Sunday, January 1, 2017

Amazing Man Comics #6 - pt. 2

Wrapping up our Shark story that I started talking about last year (don't you love how you can always make that joke on New Year's Day?), here we see The Shark using one of the higher level Leap powers, followed by his Speak with Animals power. It's unclear if he's speaking to the sharks in some sort of language or communicating with them telepathically.

This is from a short, one-shot filler story called "Forbidden Island," so I probably shouldn't let it get to me. And I know that combat in a RPG as random as Hideouts & Hoodlums could always go one way or another...but the implication here is that a single man with a club is more than a match for a bear. Now, maybe I was a little generous when I first gave bears 7 Hit Dice in Book II, but a bear should -- realistically -- still be more than a match for any one person to fight.

The one advantage this guy has that maybe explains how he won was having a missile weapon. Had he kept backing away from the bear and firing arrows as it charged him, this win would make complete sense to me.

And, lastly, just what is this guy supposed to be? A caveman? A madman? I've statted both (Book II and Supplement V respectively). The caveman stats seem to be the better fit, though there's no explanation given for how a caveman is on this island...

Here's the page that makes me think our caveman might be a madman instead. Also note how our Hero, Lew, decks a guy with one punch who just won a fight with a bear. Is Lew some kind of superhero? Not if our caveman/madman is at low hit points after his bear fight. More evidence that I shouldn't allow for rapid hit point recovery after fights.

This is Carl Burgos' Iron Skull. Now, normally, as game Editor, it would be your job not to leave a single hoodlum guarding a trophy weapon as valuable as a death raygun, even one that looks like an ordinary heat lamp. Of course, if you really want your players to have a captured death ray at their disposal, that's your call. And expect them to balk if it just happens to run out of charges or breaks down as soon as they have it.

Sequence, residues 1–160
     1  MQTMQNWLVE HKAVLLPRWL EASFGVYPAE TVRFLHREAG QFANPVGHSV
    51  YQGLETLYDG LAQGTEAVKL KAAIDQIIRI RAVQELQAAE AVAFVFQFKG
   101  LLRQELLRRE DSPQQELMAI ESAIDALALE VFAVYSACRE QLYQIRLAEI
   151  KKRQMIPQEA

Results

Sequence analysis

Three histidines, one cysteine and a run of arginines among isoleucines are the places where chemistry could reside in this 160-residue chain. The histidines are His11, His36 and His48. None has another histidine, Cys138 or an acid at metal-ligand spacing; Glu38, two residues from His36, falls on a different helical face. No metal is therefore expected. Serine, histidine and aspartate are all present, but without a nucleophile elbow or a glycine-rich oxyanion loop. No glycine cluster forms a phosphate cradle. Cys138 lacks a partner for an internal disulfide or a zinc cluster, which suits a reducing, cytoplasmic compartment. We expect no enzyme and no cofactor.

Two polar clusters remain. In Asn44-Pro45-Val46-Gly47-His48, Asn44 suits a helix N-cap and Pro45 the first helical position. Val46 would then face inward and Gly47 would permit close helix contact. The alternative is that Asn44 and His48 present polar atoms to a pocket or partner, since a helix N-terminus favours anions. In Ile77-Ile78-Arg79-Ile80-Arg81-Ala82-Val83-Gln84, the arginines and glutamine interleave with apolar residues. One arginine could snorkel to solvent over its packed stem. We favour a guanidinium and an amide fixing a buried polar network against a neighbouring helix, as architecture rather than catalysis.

Not sure why this hoodlum keeps shooting at Iron Skull's head instead of looking for a more vulnerable spot. Likely, though, Iron Skull is using a power that gives his whole body the same AC, though (like Nigh-Invulnerable Skin?).

That Iron Skull is vulnerable to sleeping gas shows that, like Burgos' other android hero, the Human Torch, Iron Skull is more of a synthetic human than a robot.

Next time, maybe Decor won't make a deathtrap that burns away the bonds before doing much damage to the Hero trapped in them.

I'm pretty sure you have to inject chlorotone to put people to sleep, but this is a huge amount of chlorotone, so maybe it also works by immersion?

It's kind of neat how big vats of chemicals are just lying around this hideout for Heroes to try and figure out uses for.

We learn that a 10-gallon vat of acid is strong enough to corrode a steel door (though we don't know what kind of acid it is).

The range on rayguns is disturbingly long sometimes, but on the other hand, you need a room-sized deathray machine to get a range like that, so it's not like a Hero can cart this baby around with him.

Silly Decor -- didn't you know Iron Skull would get a save vs. science for half damage from that explosion?

This is from the serial The Congo War-Drum. Normally, the Editor would roll for surprise once for each side in a combat, but in a mix of different mobster types it could make sense to roll for each type -- particularly if some have better chances to achieve or avoid surprise than others. Labu, for instance, is the one native on the good guy side, so here he gets a different surprise roll than everyone else on the good guy side.

(Scans courtesy of Comic Book Plus.)

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